CouchSurfing, for those of you that are unfamiliar, is an international non-profit network that connects travelers with local hosts. In the name of cultural exchange and friendship, this organization has been operating as an alternative to the hotel and hostel scene since 2004. Now, over one-million strong, CouchSurfers are working to create “a world where everyone can explore and create meaningful connections with the people and places they encounter.” Equally appealing is the fact that all of this hospitality takes place without monetary exchange. Instead, hosts’ “payment” comes in the form of meeting new people from all over the world without leaving home. “Surfers,” or travelers, are then provided with a cultural experience unmatched by even the edgiest tour book. CouchSurfing is the Reality TV version of traveling, minus the drama and the camera crews.

Like most people who hear about CouchSurfing for the first time, our driver bypassed the cultural exchange portion of the project and became immediately consumed by the bare boned reality of the whole situation: we are staying with complete strangers. Our sleeping bodies, passports, and overall life are in the hands of people we “met” over the internet. This concept is understandably frightening, and even threatening to those who see such actions as counter intuitive to the basic human goal of dying a natural death. It is often assumed that those choosing to open their doors to strangers must be members of the international coalition of underwear sniffing, scab collecting, knife-sharpening degenerates. Similarly, how do CouchSurfers know that they won’t open the door to find not just a bad, but a razor blade-infested, apple?

Unfortunately, the answer is, we don’t. At the end of the day, we really have no idea who we are allowing into our lives. I assume that is exactly what boosted my street credit with Mr. Steckhan. He was left with no other option than to view me as either stupid and strong or crafty as hell – either of which leave me semi-protected in an otherwise vulnerable situation. The reality, however, can be found in none of these claims. Miraculously, CouchSurfing has managed to tap into the rapidly diminishing core of human goodness. It doesn’t take long after browsing CouchSuring profiles to learn that its members are truly interested in creating an honest, trusting, and generous environment. The community is welcoming but determined to uphold camaraderie and safety by adhering to a strict code of fundamental values. Like any other strata of society, CouchSurfing cannot possibly be free of creepers and peepers. But, like democracy in its theoretical form, CouchSurfing functions as a self-checking system that relies on member participation. Stay with a great host? Write them a positive reference. Host a dude that ate all your cereal? Tell the world to hide their Captain Crunch. Members cannot edit their references which allows for honest feedback. Therefore, references, combined with additional security features and a personalized profile create an environment that can be easily navigated via common sense.** If something in your gut doesn’t prevent you from staying with a person whose interests include masturbating and crying, for example, the CourchSurfing website is the least of your troubles. Similar to driving a car or eating a kebab from a Berlin street side stand, the absurd process of being human usually involves some level of risk. I am merely here to tell you that CouchSurfing is one of the many worth taking.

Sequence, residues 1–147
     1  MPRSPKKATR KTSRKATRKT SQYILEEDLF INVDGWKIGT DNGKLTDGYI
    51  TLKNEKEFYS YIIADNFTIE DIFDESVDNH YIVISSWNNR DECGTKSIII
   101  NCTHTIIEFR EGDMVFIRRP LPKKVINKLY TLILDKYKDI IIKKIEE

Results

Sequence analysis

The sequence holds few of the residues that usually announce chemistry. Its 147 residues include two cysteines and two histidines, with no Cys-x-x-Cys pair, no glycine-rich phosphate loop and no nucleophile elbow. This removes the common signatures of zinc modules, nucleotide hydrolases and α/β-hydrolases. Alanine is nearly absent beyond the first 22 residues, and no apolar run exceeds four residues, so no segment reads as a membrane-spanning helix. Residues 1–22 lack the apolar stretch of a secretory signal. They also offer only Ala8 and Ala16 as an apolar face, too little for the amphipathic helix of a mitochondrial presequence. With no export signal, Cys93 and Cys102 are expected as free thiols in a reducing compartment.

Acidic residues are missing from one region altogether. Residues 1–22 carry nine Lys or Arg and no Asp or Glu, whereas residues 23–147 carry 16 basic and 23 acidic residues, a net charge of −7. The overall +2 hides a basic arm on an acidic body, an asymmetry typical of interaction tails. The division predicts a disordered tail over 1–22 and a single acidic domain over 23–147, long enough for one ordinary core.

*If given a completely false reference, members can appeal by writing to the organization.

*Members can also choose to have their background checked and location verified for a small fee.  Additionally, members can report suspicious activity which often results in removal of the profile in question.